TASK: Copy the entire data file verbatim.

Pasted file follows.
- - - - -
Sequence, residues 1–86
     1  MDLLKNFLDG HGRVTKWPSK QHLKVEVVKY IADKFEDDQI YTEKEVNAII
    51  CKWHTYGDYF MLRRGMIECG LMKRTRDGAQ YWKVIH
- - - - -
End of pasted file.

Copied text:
Sequence, residues 1–86
     1  MDLLKNFLDG HGRVTKWPSK QHLKVEVVKY IADKFEDDQI YTEKEVNAII
    51  CKWHTYGDYF MLRRGMIECG LMKRTRDGAQ YWKVIH